Hunt Report: Eastern PA, Day 3

January 27, 2011 | By | 3 Replies More

Two knuckleheads, out in the frozen woods...Serious!

Day 3 dawned gray and cold. No big deal, about the same as day 2. Our clothes were surprisingly dry (not an ounce of moisture in that hotel room), and as we left it started to snow. We were happy about that because a fresh snow meant the ability to track grouse.

The first spot we tackled was an area we hadn’t hunted before, but which looked like a clearcut on Google Earth. Turned out it was, but wasn’t very birdy. Most of the trees were too old, and the area was too large and was missing a key ingredient: a wet area. We gave it the old college try and finished out by pushing to a river, but all we saw were snowshoe hair tracks and a brown cottontail rabbit.

We decided to end our Pennsylvania hunting trip at The Bomb Area. Several reasons for this:

> With three hunters we could cover the ground more efficiently
> We knew birds were there
> We knew no one else had been hunting it

We started off hunting in one direction and walked that way way past where Brendan and Jay had ever gone before. Although a logging road bisected the route and had those “redbud” food bushes on it, we saw no tracks. Nothing.

Eventually we swung back in the other direction and hunted toward the area where Brendan had seen the three birds on day 1. After a few hours we picked up a couple of bird tracks that seem to meander forever – we never put up a bird.

We finally found some tracks, tougher to see that day.

At that point our half day was just about over, so we decided to push out to the main road, where we parked the truck. We saw at least one more bird track (couldn’t tell if it was one or two) but still never saw a bird. Sean thought he heard one flush, maybe from a tree, but couldn’t be sure. At that point our minds and ears were playing tricks on us we wanted to hear one so bad….

Day 3 Summary

It was one of those days when the woods just felt dead. No tweeties not even any crows. As Sean pointed out, when even the crows stay home, maybe you should too!

The snow had a deeper and tougher crust on it, the trees were covered in ice, maybe the birds had snow-roosted and were just staying put unless you practically stepped on them. Who knows. It’s a very rare day that we blank on flushes. We weren’t happy about it.

The only thing that made us feel a little better was, again, it kind of felt like one of those days.

The birds were meandering around this stuff again.

Few Things Learned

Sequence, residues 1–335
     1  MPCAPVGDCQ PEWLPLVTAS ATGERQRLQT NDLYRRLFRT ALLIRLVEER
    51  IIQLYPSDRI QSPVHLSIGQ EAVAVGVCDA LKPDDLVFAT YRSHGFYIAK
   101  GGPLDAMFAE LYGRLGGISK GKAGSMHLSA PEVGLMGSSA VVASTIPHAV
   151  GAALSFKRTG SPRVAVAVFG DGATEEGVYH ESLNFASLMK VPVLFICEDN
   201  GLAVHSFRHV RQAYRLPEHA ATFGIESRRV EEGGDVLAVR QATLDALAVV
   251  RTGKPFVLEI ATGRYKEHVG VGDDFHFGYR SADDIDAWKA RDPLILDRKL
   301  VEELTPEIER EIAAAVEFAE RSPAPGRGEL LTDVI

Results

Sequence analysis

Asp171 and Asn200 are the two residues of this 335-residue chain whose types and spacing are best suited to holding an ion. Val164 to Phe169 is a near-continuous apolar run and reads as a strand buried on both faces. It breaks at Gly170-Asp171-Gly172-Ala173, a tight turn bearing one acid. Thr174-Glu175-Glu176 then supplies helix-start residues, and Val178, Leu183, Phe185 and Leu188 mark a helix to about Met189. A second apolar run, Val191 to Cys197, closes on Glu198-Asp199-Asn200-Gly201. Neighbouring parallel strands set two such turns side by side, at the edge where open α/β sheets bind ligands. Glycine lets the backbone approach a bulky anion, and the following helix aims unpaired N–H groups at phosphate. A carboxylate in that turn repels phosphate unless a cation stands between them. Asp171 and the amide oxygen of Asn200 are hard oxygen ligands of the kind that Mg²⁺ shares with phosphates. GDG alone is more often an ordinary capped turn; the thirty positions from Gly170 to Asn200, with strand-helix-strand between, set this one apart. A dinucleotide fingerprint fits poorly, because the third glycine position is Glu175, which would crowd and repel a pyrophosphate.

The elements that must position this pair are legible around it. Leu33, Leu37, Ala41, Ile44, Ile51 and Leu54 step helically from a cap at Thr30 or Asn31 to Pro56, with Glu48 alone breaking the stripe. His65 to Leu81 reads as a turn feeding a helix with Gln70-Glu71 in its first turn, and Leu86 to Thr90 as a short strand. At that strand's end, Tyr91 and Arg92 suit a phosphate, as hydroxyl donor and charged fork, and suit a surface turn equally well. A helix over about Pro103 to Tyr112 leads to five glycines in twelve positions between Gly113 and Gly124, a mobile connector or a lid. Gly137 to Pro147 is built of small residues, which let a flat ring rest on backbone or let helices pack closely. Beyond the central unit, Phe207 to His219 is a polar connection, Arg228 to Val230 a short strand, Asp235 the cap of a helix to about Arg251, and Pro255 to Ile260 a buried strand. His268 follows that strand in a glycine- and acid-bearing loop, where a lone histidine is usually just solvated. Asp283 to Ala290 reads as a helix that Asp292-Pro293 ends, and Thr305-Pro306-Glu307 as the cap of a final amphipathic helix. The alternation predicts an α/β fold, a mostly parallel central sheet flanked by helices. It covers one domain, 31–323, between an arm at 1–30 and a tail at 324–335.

Here are a few, a couple re-learned:

> When it’s going to be wet, it’s optimal to have two pairs of Gore-Tex pants, and at least 4-5 pairs of gloves.

> Even when you’re crunching though snow, grouse may not want to move unless they have to so you can still can walk up on them.

> Birds will flush from anywhere: the ground, bushes, trees.

> If you’re walking a lot, a pack with a liquids bladder can’t be beat.

> If you’re bending over to get through cover and kicking through icy snow at the same time, you can kick ice chips into your eyes. Jay learned that the hard way after he’d lost his glasses.

The rest will be in Book 2!

Coming up: New upland gear from LL Bean, and report(s) from the most Serious bird show on the planet, Pheasant Fest, this weekend, Omaha, NE (if you’re there and want to say hello, email jay at jay AT SeriousBirdHunting DOT com).

Category: 2010-11 reports, Hunt reports, LL Bean, PA, Pheasant Fest, Pheasants Forever, Ruffed Grouse, SBH

Comments (3)

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  1. Mike says:

    Thanks for a great synopsis, guys. Great way to end the PA season.

  2. Bill Fontanazza says:

    Sounds very similar grouse hunting in Wisconsin in January.
    When the woods are quiet you can’t pry the birds out with a crowbar.

  3. GW Biggs says:

    Great report of a great hunt… they’re all great hunts when we’re chasing the king of gamebirds! We used to be able to hunt grouse here in Ohio through February, but now due to declining populations, the season ends in January… I have lots of wonderful memories of hunting in the snow… when you see grouse tracks, get ready, an explosive flush can happen any time!

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